We live in an increasingly digital era. Research shows that the average American checks their phone about 58 times daily, and spends an average of 4.5 hours a day on their phone. Without a doubt the amount of time the modern-day person spends on their phones has changed many aspects of how our society functions. For example, in the past decade we have seen a dramatic shift in forms of advertising. Companies are able to take note of people's patterns online and create personalized ads through the use of artificial intelligence (AI).

Artificial Intelligence Revs Up Evolution’s Clock (Audio)

Artificial Intelligence Revs Up Evolution’s Clock (Audio)

Evolutionary biologists never have enough time. Some of the most mysterious behaviors in the animal kingdom—like parenting—evolved over thousands of years, if not longer. Human lifespans are just too short to sit and observe such complex behaviors evolve. But computer scientists are beginning to offer clues by using artificial intelligence to simulate the life and death of thousands of generations of animals in a matter of hours or days. It's called computational evolution.

Predictive Science Research Gets Major Boost Thanks to the Department of Energy

Predictive Science Research Gets Major Boost Thanks to the Department of Energy

Predictive science is crucial to the prediction and modeling of extreme weather. This is a visualization of predicted storm surge on the Louisiana coast caused by Hurricane Laura, the Category 4 Atlantic hurricane that struck Texan shores earlier this year. Credit: Computational Hydraulics Group, Oden Institute.

Many of the decisions we make are now guided by computational simulations, from designing new spacecraft to predicting the spread of a pandemic. But it's not enough for a simulation model to just issue predictions. A decision-maker needs to know just how much those predictions can be trusted.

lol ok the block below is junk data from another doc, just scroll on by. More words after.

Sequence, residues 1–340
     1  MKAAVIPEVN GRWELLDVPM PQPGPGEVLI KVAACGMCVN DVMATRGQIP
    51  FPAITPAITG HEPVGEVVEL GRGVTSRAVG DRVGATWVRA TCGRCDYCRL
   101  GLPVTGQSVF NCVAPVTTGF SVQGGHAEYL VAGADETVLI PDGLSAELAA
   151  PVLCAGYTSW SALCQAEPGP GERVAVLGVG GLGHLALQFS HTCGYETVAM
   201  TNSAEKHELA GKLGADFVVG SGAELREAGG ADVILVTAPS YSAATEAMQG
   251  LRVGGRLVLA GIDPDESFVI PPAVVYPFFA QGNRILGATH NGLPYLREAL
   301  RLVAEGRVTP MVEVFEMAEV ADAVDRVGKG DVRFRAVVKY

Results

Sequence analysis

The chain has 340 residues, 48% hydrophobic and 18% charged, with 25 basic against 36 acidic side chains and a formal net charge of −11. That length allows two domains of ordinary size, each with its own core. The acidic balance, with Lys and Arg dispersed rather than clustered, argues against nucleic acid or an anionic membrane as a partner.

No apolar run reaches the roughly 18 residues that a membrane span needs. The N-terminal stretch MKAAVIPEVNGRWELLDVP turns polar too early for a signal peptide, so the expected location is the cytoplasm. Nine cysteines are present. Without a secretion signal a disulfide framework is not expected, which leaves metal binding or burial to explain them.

UT Austin Selected as Home of National AI Institute Focused on Machine Learning

UT Austin Selected as Home of National AI Institute Focused on Machine Learning

The NSF AI Institute for Foundations of Machine Learning and the Machine Learning Laboratory will be administratively housed in the Gates-Dell Complex at The University of Texas at Austin. Photo credit: Vivian Abagiu/University of Texas at Austin.

The National Science Foundation has selected The University of Texas at Austin to lead the NSF AI Institute for Foundations of Machine Learning, bolstering the university's existing strengths in this emerging field. Machine learning is the technology that drives AI systems, enabling them to acquire knowledge and make predictions in complex environments. This technology has the potential to transform everything from transportation to entertainment to health care.

Students Help Build App to Aid UT Community As They Return to Campus

Students Help Build App to Aid UT Community As They Return to Campus

As students, faculty, and staff prepare to return to campus for the fall semester, a key concern is making the university as safe as possible and properly tracking health data to prevent outbreaks. An interdisciplinary team of researchers and students, including Texas Computer Science undergraduate students Rohit Neppali, Anshul Modh, Viren Velacheri, and Ph.D. student Anibal Heinsfeld, developed the Protect Texas Together app to help track and mitigate the spread of COVID-19 on the Forty Acres.